• Lines 41-58: Render the skeleton HTML of the dialog.

  • Lines 65-98: This is the script that binds the logic to our buttons and shows/hides the dialog when needed.

## Important: the map keys must be valid data-fields, so no spaces are allowed.
#macro( datatags $map ) 
  #foreach ($mapEntry in $map.entrySet()) data-$mapEntry.key="$mapEntry.value" #end 

## Enter the URL to your Jira here so PocketQuery can render links to issues
## Important: the URL needs to have a trailing slash!
#set($jiraBaseUrl = "http://your-jira.com/")

<table id="pq-table-with-more-details-btn" class="aui confluenceTable pocketquery-table">
      ## Specify column headers manually
      <th class="confluenceTh">Issue</th>
      <th class="confluenceTh">Summary</th>
      <th class="confluenceTh">Type</th>
      <th class="confluenceTh">Status</th>
      <th class="confluenceTh">More Details</th>
    #foreach ($row in $result)
      #set($columns = $row.get("columns"))
      #set($moreDetails = $row.get("moreDetails"))
      <tr #datatags($moreDetails) >
        #foreach ($column in $columns)
          <td class="confluenceTd">
            #if($velocityCount == 1)
              <a href="${jiraBaseUrl}browse/${column}">$!column</a>
        <td class="confluenceTd">
          <button class="aui-button more-details-btn">Show more details</button>
<!-- This is the HTML for the more details dialog. -->
<section id="pq-more-details-dialog" class="aui-dialog2 aui-dialog2-medium aui-layer" role="dialog" aria-hidden="true">
  <header class="aui-dialog2-header">
    <h2 class="aui-dialog2-header-main title"></h2>
  <div class="aui-dialog2-content">
    <table class="aui confluenceTable">
      <tbody class="content">
  <footer class="aui-dialog2-footer">
    <div class="aui-dialog2-footer-actions">
      <button class="aui-button aui-button-primary close-dialog-btn">Close</button>
    This script binds the click-handlers that open and close the dialog.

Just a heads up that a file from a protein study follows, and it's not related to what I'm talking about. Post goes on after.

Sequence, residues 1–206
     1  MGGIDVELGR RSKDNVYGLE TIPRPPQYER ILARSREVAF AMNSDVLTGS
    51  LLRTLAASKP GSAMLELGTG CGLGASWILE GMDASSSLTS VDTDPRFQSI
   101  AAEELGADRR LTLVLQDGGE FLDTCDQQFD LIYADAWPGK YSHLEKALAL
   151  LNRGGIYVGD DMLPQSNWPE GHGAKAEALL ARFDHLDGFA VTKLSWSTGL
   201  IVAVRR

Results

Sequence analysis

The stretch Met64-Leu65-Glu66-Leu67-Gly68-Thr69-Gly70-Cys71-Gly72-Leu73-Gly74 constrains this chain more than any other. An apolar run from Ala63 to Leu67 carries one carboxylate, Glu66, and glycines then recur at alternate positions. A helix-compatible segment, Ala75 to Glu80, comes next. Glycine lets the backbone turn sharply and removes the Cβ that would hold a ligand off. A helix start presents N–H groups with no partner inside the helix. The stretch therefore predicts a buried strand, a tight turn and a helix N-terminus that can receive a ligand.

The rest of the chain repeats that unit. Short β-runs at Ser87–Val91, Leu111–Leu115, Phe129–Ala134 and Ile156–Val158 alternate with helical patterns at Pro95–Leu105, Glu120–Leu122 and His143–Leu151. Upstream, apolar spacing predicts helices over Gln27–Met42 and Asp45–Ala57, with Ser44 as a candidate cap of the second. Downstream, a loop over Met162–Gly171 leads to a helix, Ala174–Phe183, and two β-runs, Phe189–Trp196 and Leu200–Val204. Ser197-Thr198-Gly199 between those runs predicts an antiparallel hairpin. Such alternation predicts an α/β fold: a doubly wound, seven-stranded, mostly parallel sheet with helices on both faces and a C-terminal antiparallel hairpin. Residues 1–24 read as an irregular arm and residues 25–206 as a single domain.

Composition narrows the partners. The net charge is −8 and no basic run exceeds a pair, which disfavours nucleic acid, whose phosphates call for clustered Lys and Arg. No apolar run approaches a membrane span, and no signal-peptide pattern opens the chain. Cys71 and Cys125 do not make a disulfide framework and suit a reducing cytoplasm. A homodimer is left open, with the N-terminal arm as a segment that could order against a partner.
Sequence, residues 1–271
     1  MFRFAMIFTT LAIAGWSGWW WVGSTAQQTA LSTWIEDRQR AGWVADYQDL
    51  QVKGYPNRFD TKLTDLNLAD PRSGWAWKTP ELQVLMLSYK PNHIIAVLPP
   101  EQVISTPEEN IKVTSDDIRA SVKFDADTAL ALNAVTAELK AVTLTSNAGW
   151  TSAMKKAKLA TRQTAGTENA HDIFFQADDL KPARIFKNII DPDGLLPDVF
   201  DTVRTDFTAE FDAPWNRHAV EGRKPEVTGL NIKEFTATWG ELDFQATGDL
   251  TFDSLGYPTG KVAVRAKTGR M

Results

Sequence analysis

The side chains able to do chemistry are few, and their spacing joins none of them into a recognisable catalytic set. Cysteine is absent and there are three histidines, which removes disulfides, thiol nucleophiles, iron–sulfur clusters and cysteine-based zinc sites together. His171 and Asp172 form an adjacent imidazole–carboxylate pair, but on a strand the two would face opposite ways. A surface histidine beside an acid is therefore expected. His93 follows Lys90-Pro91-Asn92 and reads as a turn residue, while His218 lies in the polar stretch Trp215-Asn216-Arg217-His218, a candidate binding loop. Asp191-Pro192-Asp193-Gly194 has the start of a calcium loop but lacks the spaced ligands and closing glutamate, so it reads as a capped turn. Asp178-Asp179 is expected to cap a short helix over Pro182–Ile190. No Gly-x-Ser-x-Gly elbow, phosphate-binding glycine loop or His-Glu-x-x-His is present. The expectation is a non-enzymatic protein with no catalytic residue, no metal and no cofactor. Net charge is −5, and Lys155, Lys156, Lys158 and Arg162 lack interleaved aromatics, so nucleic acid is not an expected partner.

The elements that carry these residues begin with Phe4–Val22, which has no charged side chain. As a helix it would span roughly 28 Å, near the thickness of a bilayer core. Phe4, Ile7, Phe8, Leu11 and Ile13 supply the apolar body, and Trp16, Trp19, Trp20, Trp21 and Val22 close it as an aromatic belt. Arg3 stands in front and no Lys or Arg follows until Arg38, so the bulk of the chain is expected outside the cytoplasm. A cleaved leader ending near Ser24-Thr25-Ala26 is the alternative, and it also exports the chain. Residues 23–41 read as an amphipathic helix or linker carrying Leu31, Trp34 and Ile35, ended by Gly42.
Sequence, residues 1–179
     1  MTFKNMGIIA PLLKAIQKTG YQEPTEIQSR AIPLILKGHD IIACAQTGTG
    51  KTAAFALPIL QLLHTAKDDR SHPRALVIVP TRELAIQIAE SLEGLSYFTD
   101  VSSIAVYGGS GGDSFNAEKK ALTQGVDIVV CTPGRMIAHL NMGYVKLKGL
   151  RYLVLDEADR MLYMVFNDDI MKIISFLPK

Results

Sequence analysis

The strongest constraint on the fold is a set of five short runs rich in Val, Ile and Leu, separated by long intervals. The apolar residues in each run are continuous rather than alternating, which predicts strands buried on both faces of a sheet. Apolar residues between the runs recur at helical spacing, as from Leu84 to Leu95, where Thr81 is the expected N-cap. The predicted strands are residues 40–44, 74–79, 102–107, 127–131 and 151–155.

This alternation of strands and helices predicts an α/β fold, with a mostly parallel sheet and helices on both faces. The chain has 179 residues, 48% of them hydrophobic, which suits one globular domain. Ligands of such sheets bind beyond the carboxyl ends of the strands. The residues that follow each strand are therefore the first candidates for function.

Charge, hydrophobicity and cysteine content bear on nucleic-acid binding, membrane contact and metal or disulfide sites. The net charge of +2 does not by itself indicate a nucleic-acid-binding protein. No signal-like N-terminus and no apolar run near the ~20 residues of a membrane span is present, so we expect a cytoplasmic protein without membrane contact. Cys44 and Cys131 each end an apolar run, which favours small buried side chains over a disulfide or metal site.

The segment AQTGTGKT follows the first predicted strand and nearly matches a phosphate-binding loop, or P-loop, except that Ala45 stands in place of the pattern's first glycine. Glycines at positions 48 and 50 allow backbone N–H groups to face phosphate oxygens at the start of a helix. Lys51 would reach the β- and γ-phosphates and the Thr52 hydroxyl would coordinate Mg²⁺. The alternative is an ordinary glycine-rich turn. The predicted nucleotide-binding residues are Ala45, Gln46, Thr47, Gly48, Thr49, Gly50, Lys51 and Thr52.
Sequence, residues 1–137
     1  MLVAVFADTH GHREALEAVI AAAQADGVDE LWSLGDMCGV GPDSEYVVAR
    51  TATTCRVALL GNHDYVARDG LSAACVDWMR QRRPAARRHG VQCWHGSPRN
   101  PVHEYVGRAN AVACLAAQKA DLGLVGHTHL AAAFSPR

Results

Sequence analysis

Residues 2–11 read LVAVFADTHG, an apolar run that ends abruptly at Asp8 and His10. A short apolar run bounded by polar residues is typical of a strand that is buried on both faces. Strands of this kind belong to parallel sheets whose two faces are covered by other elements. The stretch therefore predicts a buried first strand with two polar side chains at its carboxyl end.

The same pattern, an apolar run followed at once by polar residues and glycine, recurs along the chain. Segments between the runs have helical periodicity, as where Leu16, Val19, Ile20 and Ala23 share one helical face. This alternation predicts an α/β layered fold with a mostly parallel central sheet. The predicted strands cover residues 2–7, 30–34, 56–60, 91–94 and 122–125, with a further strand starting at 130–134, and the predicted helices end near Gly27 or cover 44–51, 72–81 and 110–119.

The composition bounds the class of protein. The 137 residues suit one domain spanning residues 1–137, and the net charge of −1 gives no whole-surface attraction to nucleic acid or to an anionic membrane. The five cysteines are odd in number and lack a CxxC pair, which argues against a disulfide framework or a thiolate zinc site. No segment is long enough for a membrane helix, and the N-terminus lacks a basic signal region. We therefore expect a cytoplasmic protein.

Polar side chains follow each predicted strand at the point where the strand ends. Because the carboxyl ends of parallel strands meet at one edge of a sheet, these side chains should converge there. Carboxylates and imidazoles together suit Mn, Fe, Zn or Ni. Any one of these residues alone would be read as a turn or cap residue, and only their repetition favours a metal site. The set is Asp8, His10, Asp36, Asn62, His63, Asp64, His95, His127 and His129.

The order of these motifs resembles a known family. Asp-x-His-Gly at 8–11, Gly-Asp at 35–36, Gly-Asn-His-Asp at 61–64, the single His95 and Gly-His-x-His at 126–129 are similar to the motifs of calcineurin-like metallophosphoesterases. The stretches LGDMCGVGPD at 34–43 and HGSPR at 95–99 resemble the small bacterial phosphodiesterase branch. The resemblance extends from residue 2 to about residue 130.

In the click handler for opening the dialog, it also renders the information for the given issue.
    $('#pq-table-with-more-details-btn').on('click', '.more-details-btn', function(e) {
        // Read information about current row
        var button = $(e.target);
        var row = button.closest('tr');
        var issue = row.find('td').first().text();
        var moreDetails = row.data();
        var content = $('#pq-more-details-dialog .content');
        // Put information into the dialog
        $('#pq-more-details-dialog .title').text('More details for ' + issue);
        for (var field in moreDetails) {
            if (Object.prototype.hasOwnProperty.call(moreDetails, field)) {
                var row = $('<tr><th class="confluenceTh"></th><td class="confluenceTd"></td></tr>');

    $('#pq-more-details-dialog').on('click', '.close-dialog-btn', function (e) {

You did it!

Great, you now know how to use a dialog to display information that would be too much to show directly in the table.

But what to do if you want to show data in the dialog that is not included in the result of your first Query? Easy: You can simply execute another Query in the dialog!

For an example on how that can be done please see this page: Advanced: Making a "more details" Dialog execute its own Query